Why Stainless Steel Works for Indoor Swimming Pools

Indoor swimming pools have a wide array of characteristics to choose from. Just today I took a tour of two different health fitness clubs with two very different indoor pools. The first one was intended for leisurely family fun while the other was aligned with swimming lanes for serious, get-in-shape members. One had colorful, posh lights shining upon the water replicating a high-end resort while the family fun one had a no fuss feel. This is the same with these types of pools throughout the private and public sector. There are water parks with indoor wave pools, indoor water slides and light fixtures distinct to a facility proving you can find options suitable to any taste. But one aspect of these indoor pools that was common amongst the two visited facilities (and across the board regardless of the locale) is the room/air temperature.

The air temperature around this type of pool is usually hot, humid and kept that way on purpose to maintain a high level of chemical sanitation. These chemicals are mainly chlorine- based and placed in around the pool area, the sauna sections, showers, change rooms, etc… This is why when building an indoor aquatic facility stainless steel work  is the best option. Let me explain.

When manufacturing a swimming facility it is important to remember that water will be mixed with chemicals, humidity and high temperatures. Under such circumstances, certain materials crack and corrode. High temperatures escalate the corrosion process in several metals and humid droplets of water you find in these areas generate cracks within these metals. Additionally, the cleaning and maintenance chemicals used alter the state of materials that come into contact with the water, chemicals and humidity; on the other hand, stainless steel remains intact.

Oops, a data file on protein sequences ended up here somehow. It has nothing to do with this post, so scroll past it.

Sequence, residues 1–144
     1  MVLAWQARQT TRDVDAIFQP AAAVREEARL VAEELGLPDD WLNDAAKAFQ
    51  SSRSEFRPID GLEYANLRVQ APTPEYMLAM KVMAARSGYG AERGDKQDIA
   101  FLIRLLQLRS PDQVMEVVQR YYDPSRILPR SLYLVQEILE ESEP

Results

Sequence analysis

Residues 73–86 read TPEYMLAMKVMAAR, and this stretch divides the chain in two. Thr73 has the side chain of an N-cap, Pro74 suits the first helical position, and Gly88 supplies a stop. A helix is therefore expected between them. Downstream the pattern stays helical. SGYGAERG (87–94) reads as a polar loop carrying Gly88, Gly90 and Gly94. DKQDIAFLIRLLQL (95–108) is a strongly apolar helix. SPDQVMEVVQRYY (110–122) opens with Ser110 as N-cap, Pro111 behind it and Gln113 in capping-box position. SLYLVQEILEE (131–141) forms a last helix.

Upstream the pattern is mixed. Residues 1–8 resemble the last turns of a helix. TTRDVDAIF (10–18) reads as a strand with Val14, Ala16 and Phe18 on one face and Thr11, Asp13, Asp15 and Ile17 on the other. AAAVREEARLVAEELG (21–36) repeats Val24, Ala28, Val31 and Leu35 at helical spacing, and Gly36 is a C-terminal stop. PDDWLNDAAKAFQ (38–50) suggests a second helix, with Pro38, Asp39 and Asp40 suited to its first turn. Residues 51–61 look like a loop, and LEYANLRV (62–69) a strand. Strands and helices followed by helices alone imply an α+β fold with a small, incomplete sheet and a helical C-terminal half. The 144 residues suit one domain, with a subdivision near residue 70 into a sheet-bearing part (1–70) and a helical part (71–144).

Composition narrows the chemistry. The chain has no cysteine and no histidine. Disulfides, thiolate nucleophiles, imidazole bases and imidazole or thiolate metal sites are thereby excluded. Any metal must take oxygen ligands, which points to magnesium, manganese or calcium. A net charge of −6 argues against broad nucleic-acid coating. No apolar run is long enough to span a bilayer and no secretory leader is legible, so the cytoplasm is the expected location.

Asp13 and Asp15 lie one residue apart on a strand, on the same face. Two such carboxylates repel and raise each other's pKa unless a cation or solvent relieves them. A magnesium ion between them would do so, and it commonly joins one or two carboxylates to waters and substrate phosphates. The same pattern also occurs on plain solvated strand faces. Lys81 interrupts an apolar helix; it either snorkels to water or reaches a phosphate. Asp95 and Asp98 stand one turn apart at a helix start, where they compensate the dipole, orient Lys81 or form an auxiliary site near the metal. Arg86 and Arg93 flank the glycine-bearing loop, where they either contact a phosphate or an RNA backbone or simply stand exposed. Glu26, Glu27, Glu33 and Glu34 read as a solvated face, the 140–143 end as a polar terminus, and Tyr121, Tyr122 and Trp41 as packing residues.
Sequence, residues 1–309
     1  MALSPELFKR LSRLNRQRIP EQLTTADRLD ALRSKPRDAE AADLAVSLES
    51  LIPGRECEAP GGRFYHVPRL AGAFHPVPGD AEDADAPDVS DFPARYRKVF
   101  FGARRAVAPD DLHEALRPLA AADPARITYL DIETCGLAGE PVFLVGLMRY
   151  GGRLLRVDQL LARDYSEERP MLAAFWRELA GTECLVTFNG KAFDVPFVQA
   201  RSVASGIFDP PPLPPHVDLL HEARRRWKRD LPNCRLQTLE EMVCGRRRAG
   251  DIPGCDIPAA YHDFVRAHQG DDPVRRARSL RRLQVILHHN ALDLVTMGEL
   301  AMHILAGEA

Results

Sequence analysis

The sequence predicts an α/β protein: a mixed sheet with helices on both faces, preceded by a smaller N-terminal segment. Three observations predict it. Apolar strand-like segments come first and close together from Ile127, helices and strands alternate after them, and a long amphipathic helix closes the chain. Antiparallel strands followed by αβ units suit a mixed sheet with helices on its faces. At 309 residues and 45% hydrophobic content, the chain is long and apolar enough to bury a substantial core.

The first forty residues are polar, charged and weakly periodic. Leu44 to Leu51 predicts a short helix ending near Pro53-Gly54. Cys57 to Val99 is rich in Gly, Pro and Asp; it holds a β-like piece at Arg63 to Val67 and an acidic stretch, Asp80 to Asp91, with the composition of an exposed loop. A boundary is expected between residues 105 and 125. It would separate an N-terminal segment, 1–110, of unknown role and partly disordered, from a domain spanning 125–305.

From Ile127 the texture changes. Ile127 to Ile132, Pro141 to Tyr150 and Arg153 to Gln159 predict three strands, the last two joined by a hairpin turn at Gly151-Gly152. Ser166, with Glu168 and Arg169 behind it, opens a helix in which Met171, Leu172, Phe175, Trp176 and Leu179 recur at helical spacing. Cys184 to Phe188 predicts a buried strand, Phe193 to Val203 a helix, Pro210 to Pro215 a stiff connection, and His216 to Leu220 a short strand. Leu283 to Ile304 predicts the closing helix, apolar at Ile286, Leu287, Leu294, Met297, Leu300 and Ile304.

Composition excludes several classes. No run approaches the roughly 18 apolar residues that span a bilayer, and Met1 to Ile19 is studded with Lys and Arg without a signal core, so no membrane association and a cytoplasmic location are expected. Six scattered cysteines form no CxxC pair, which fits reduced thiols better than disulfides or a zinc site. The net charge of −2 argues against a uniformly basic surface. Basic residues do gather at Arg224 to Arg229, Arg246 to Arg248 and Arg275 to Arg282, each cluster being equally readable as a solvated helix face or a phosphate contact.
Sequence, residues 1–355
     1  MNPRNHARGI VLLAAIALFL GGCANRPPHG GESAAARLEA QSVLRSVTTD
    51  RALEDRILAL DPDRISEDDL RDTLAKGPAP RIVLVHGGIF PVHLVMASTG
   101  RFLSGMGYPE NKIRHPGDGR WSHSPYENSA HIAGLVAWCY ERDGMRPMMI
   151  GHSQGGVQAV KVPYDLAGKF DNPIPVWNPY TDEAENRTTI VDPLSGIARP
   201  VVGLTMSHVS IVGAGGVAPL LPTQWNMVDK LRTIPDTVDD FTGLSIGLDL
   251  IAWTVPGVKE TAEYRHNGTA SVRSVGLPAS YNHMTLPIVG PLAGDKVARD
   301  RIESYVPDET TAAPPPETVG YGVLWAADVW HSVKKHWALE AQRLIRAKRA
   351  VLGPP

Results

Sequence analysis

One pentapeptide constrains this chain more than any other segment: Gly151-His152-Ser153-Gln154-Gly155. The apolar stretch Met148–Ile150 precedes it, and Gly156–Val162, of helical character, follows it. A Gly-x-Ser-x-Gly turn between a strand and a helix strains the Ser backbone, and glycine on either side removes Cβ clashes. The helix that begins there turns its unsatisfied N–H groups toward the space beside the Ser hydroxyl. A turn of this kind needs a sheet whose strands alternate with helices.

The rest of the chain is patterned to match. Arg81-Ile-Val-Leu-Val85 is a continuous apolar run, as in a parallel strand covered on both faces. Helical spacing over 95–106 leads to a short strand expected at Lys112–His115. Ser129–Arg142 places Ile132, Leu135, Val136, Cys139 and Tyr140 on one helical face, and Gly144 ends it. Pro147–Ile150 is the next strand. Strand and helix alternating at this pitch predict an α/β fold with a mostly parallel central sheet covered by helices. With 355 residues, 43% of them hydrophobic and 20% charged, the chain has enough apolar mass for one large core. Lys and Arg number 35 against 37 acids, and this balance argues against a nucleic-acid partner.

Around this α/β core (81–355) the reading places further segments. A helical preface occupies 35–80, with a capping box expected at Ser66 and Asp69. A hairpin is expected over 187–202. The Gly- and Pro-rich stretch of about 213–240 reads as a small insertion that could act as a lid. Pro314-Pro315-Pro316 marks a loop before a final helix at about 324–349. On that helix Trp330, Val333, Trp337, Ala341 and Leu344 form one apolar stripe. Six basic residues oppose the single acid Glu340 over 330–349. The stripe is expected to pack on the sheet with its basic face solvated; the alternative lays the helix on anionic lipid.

The key to keeping your aquatic facility healthy, clean and durable is to choose good materials for such applications as proved in the text above. 304 and 316 steel work  grades are ideal for such environments. There are a few other tips you can instill as well. For instance, make sure the design prevents cracking hazards from occurring. This is important when it comes to stress corrosion. Be certain the facility maintains a strict management upkeep procedure and conducts regularly controlled inspections. Check air temperature and humidity percentages. Verify that weight loads and limits are being adhered to. All of these elements make a difference between running a successful, effective and long-standing facility you and your family may enjoy for years to come versus owning a rundown, unsafe, bacteria-infested place where no one dares to dip his/her toes in it.

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